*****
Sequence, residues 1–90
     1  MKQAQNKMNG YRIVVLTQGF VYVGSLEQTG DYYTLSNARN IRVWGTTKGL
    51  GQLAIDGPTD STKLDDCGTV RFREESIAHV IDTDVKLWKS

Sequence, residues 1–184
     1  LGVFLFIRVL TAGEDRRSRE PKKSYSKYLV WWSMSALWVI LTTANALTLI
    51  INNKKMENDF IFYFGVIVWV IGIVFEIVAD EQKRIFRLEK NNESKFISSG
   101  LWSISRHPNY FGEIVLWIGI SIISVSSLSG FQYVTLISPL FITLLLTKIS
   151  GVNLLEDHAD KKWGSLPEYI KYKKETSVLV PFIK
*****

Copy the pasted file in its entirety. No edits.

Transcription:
Sequence, residues 1–90
     1  MKQAQNKMNG YRIVVLTQGF VYVGSLEQTG DYYTLSNARN IRVWGTTKGL
    51  GQLAIDGPTD STKLDDCGTV RFREESIAHV IDTDVKLWKS

Sequence, residues 1–184
     1  LGVFLFIRVL TAGEDRRSRE PKKSYSKYLV WWSMSALWVI LTTANALTLI
    51  INNKKMENDF IFYFGVIVWV IGIVFEIVAD EQKRIFRLEK NNESKFISSG
   101  LWSISRHPNY FGEIVLWIGI SIISVSSLSG FQYVTLISPL FITLLLTKIS
   151  GVNLLEDHAD KKWGSLPEYI KYKKETSVLV PFIK